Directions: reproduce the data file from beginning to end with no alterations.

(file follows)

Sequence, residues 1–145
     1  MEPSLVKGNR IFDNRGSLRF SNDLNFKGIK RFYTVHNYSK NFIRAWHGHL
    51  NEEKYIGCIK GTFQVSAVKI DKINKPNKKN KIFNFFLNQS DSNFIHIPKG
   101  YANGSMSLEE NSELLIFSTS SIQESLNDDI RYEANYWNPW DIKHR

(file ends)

Sequence, residues 1–145
     1  MEPSLVKGNR IFDNRGSLRF SNDLNFKGIK RFYTVHNYSK NFIRAWHGHL
    51  NEEKYIGCIK GTFQVSAVKI DKINKPNKKN KIFNFFLNQS DSNFIHIPKG
   101  YANGSMSLEE NSELLIFSTS SIQESLNDDI RYEANYWNPW DIKHR